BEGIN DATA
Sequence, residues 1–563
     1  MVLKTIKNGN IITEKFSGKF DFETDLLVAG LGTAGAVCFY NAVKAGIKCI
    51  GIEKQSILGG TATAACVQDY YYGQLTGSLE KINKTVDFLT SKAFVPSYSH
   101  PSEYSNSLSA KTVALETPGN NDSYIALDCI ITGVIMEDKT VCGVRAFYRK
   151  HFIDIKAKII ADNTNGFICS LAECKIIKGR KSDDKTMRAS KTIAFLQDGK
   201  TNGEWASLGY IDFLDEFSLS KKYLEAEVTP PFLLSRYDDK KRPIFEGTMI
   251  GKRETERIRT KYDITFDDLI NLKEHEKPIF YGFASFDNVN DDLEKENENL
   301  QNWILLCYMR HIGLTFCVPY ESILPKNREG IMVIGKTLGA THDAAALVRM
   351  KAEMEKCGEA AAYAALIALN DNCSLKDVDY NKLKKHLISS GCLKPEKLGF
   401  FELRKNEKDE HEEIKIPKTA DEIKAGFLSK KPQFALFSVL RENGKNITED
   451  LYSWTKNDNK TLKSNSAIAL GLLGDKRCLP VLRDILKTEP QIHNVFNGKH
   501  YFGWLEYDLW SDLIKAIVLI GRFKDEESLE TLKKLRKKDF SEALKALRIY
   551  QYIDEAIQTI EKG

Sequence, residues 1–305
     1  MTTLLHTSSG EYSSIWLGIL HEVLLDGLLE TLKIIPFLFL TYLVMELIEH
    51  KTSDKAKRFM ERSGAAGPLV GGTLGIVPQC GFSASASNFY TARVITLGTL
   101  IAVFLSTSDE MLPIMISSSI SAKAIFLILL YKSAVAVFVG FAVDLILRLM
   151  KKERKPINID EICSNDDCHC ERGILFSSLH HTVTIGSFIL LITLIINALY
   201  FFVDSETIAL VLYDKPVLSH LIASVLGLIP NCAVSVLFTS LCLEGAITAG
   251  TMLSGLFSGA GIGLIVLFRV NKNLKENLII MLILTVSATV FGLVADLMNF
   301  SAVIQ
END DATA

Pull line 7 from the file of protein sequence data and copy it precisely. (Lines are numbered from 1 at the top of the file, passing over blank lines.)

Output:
   251  GKRETERIRT KYDITFDDLI NLKEHEKPIF YGFASFDNVN DDLEKENENL